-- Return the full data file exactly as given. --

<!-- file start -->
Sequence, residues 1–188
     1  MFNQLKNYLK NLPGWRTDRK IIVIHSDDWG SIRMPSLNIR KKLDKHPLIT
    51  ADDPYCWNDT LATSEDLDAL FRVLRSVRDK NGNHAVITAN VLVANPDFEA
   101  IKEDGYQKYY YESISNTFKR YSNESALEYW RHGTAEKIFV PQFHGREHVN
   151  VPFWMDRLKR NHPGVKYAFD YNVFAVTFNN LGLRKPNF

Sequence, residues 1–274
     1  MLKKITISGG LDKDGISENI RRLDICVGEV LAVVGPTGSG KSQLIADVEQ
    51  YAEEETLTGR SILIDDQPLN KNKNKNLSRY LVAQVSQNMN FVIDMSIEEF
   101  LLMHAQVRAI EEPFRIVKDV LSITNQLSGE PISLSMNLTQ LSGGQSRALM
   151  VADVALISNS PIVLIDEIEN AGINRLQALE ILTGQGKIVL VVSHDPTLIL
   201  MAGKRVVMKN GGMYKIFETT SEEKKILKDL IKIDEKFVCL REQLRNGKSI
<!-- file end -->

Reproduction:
Sequence, residues 1–188
     1  MFNQLKNYLK NLPGWRTDRK IIVIHSDDWG SIRMPSLNIR KKLDKHPLIT
    51  ADDPYCWNDT LATSEDLDAL FRVLRSVRDK NGNHAVITAN VLVANPDFEA
   101  IKEDGYQKYY YESISNTFKR YSNESALEYW RHGTAEKIFV PQFHGREHVN
   151  VPFWMDRLKR NHPGVKYAFD YNVFAVTFNN LGLRKPNF

Sequence, residues 1–274
     1  MLKKITISGG LDKDGISENI RRLDICVGEV LAVVGPTGSG KSQLIADVEQ
    51  YAEEETLTGR SILIDDQPLN KNKNKNLSRY LVAQVSQNMN FVIDMSIEEF
   101  LLMHAQVRAI EEPFRIVKDV LSITNQLSGE PISLSMNLTQ LSGGQSRALM
   151  VADVALISNS PIVLIDEIEN AGINRLQALE ILTGQGKIVL VVSHDPTLIL
   201  MAGKRVVMKN GGMYKIFETT SEEKKILKDL IKIDEKFVCL REQLRNGKSI